Odds are if you haven’t been affected by Hydrocephalus, you’ve never heard of the Hydrocephalus Association; but for those whose lives it affects, it can have significant impact. It’s my hope this blog will pique your curiosity, and get the conversation started. Everything I’m referencing comes from the website http://www.hydroassoc.org/; unless otherwise cited.
The Hydrocephalus Association offers a host of information about hydrocephalus on their website, so I’m not going to dive too deep. But at a surface level, I think it’s important to understand there are many ways one can develop hydrocephalus – according to stats I’ve read there are over One MILLION people in the US alone living with hydrocephalus.
Who They Are
The Hydrocephalus Association serves as the primary nexus for research on hydrocephalus, a condition defined by an abnormal, excessive accumulation of cerebrospinal fluid (CSF) within the cavities of the brain (from website). They are committed to finding a cure to hydrocephalus, and to that end fund research programs and host conferences and workshops.
My introduction to hydrocephalus came at a seminar I presented about financial planning for families with Special Needs. In an almost off-hand fashion a mom informed me her daughter “only” had 13 brain surgeries before her 6th birthday. I may be mistaken on the exact numbers, but it shook me because it was a double digit number.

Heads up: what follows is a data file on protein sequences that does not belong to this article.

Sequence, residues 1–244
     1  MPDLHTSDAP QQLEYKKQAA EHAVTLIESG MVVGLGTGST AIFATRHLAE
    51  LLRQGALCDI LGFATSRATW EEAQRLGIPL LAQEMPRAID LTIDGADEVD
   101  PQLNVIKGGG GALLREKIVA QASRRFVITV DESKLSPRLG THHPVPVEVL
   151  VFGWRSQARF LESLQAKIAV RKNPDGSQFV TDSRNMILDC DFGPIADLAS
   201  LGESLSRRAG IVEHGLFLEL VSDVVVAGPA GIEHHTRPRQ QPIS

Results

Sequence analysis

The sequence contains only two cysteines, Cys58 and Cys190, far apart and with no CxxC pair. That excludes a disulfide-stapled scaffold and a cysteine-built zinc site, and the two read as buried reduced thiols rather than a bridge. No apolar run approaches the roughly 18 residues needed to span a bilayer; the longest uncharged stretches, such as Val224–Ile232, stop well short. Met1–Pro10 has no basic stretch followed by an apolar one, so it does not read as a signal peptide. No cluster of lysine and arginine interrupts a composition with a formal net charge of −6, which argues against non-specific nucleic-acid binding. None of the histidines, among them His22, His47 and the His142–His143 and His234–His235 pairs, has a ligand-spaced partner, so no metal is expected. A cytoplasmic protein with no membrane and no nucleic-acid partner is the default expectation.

What They Do
The Hydrocephalus Association uses a 3-pronged approach to accomplish their mission of eliminating hydrocephalus – they connect families with each other, forming communities offering support and resources; they work on clearing misconceptions and deepening the understanding of what hydrocephalus is, and isn’t; and funding research in biomarkers and genetics (to name a few directions of the research funding).
What Else Should I Know
According to NIH’s National Institute of Neurological Disorders and Stroke, hydrocephalus is a condition caused by excessive accumulation of cerebrospinal fluid (CSF) in the brain; and it may be congenital (present at birth) or acquired (develops at time of birth, or later). It may also be “communicating” – CSF blocked after it exits ventricles; or “non-communicating” – CSF blocked along one or more of the narrow passages connecting the narrow passages connecting the ventricles. The only treatment I was able to uncover is the installation of a shunt, basically a drain inserted into the skull to remove the excess fluid.
For more information, I’ve included a link to NIH’s fact sheet. Personally, I was surprised to learn it’s 30x’s more common than Cystic Fibrosis, because I’m much more familiar with Cystic Fibrosis.
I am not an employee of the Hydrocephalus Association, and any errors noted are my own. If I have misrepresented, or misstated anything please provide constructive feedback so I may make the appropriate change(s). All opinions and views are my own.